Lech Lecha, Genesis 12:1-17:27
What happens between the 11th and 12th chapters of Genesis?
We read at the end of chapter 11 that Terach moves with his family, including Avram and Sarai, from Ur to Haran. They had set out for Canaan, but they only went part of the way.
Suddenly, at the beginning of chapter 12, God is speaking to Avram and appointing him and Sarai for a special destiny. Why?
This question has intrigued Jews for millennia, and the answers usually revolve around aspects of their characters that made them uniquely worthy of God’s attention and care. Answering such questions is the job of midrash, and many of us are familiar with some of the classic commentaries.
Best known is the story of Avram in his father’s idol shop, forcing his father to realize that idolatry is irrational. There is another story, of Avram observing the sky and the weather, and realizing that there is a power beyond them. And there are more besides these.
This week’s Torah portion offers us yet another explanation of what made Avram and Sarai so deserving of God’s favor. We read (Genesis 12:5) that they set out for Canaan with “kol ha-nefesh asher asu,” (all the souls that they made) in Haran.
That seems to be an odd expression, and it provokes commentary. Rashi and other classic commentators agree that the plain meaning is that Avram and Sarai acquired slaves for their household. Saying “made” is the same as saying “acquired.”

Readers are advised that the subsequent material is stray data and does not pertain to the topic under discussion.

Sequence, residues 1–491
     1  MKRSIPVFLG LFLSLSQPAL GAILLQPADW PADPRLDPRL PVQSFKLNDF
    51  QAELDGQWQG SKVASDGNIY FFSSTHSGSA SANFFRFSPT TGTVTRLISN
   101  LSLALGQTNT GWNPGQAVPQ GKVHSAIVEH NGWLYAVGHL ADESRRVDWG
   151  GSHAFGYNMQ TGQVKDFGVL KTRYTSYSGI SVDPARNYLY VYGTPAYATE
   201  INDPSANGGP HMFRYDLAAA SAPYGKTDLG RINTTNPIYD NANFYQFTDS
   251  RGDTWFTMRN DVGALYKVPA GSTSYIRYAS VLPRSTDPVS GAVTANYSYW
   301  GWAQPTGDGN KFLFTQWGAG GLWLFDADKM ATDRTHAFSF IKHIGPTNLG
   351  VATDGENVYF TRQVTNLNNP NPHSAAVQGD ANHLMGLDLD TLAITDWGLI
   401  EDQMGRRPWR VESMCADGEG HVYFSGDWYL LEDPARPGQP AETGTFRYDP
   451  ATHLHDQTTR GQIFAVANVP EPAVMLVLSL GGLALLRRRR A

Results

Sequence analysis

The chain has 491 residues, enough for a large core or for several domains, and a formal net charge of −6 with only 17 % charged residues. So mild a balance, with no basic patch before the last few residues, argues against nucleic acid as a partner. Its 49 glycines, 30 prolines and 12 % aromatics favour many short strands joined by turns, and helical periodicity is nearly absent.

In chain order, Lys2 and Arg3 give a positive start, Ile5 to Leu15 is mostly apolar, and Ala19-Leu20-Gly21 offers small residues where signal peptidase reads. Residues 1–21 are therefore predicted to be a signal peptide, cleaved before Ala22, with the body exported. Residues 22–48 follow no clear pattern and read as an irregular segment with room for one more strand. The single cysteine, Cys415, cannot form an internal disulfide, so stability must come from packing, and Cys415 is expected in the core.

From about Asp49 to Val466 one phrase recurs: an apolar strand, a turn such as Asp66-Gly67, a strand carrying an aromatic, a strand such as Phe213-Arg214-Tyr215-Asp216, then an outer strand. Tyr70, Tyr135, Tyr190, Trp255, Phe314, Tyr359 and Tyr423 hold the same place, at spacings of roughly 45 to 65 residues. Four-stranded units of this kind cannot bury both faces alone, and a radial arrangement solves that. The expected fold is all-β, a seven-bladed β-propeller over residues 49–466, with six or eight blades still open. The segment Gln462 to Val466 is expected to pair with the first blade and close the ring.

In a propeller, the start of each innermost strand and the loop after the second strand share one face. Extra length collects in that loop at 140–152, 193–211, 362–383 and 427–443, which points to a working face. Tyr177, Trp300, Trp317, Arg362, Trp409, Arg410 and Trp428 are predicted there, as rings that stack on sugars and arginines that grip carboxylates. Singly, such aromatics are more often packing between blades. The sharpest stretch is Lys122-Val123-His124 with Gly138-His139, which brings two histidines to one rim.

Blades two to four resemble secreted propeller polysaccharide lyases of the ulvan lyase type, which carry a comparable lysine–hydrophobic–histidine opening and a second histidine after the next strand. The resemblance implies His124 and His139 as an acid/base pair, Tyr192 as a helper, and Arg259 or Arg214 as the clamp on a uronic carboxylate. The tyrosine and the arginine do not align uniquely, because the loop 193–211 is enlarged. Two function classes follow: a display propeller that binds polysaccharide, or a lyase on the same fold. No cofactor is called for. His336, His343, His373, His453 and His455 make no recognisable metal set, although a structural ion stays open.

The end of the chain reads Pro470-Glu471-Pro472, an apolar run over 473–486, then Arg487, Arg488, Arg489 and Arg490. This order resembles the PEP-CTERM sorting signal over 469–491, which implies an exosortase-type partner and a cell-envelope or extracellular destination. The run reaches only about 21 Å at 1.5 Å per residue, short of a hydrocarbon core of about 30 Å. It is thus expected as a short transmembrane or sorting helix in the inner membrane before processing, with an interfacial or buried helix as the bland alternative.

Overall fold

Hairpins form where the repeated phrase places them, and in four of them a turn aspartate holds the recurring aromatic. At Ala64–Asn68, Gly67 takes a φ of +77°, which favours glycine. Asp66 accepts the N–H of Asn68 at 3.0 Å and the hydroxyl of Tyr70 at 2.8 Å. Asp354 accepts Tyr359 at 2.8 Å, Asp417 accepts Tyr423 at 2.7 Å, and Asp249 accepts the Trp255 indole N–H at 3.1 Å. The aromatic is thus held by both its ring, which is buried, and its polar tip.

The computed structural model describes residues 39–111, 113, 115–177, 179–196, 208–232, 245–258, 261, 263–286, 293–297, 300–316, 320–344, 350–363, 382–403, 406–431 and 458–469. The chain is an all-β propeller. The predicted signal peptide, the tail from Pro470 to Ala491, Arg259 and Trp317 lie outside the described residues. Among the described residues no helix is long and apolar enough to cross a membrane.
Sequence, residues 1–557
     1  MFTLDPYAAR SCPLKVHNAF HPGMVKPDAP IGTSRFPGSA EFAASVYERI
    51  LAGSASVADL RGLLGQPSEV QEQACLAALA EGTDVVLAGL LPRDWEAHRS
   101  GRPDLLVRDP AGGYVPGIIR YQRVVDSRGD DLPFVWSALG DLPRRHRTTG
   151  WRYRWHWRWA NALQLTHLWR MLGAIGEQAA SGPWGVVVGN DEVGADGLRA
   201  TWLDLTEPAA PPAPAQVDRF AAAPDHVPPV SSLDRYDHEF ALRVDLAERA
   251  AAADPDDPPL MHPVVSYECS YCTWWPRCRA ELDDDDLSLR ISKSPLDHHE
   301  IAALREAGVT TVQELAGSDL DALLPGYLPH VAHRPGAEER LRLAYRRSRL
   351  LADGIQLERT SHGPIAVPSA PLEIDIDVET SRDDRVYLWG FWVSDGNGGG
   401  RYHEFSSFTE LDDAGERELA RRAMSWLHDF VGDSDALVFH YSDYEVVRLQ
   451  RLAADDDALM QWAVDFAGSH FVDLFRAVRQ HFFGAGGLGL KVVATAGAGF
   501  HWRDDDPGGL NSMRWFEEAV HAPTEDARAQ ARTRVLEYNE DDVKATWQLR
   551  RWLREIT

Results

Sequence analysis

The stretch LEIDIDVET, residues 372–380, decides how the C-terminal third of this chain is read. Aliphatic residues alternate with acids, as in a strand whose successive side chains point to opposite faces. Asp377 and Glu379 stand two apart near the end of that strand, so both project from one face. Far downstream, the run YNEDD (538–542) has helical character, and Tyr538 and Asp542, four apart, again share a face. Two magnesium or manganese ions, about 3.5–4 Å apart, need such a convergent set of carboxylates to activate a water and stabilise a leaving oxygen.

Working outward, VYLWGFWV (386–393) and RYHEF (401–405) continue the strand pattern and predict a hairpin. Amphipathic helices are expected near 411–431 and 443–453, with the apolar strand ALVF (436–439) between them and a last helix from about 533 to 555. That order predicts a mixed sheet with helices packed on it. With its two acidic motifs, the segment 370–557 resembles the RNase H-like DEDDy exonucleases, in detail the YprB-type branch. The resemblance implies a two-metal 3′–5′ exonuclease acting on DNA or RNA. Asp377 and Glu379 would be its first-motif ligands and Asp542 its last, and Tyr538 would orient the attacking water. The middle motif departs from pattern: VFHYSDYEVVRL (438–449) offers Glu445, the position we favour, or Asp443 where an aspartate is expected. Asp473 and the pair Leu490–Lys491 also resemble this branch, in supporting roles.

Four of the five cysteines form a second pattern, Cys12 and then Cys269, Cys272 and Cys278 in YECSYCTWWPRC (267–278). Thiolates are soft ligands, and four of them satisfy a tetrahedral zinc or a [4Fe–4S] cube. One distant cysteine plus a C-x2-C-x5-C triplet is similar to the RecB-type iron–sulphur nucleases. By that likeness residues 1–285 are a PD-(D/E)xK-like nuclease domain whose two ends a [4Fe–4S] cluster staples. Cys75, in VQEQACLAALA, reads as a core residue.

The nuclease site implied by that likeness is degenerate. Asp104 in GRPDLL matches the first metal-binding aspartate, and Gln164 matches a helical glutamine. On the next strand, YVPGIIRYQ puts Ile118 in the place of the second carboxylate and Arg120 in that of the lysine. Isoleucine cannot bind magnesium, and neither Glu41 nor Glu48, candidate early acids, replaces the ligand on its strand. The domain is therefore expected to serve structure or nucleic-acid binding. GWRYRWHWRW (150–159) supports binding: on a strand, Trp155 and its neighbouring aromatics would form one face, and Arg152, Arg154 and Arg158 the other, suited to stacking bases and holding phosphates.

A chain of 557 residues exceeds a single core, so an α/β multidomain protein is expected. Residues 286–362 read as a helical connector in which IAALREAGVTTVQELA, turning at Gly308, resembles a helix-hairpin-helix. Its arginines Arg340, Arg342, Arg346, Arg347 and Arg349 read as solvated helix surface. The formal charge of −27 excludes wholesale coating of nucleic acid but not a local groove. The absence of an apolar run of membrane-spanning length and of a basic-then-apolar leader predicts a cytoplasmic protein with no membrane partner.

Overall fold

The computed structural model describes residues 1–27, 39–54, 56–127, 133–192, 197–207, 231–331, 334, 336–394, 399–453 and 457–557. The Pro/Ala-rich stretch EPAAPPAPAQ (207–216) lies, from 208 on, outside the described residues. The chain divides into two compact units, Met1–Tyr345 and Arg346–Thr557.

But Rashi, typically, doesn’t leave the question there. He also quotes midrash, saying that Avram and Sarai convinced men and women of their own understanding of God. These “made souls” were the original converts, and Avram and Sarai brought them in under the wings of God’s presence, the shechinah.
What was there about Avram and Sarai that made them so effective at “making souls?”
Were they so powerfully persuasive? Did they (God forbid) threaten people with dire consequences if they failed to see things their way?
Let us say, rather, that Avram and Sarai led by example. The goodness of their lives was a reflection of the holiness of their beliefs. People wanted to be like them and willingly adopted their faith.
Perhaps their ability to “make souls” was also a reflection of their legendary hospitality. Not only was their home open to travelers, their hearts were open to people on spiritual journeys. They were able to make a comfortable home for those seeking God. Moreover, let us say that Avram and Sarai made themselves approachable to those who wanted to know about God.
Hizkuni, writing in the 13th century, says that the giving of Torah begins here.
(This column is a service of the Greater Pittsburgh Rabbinic Association.)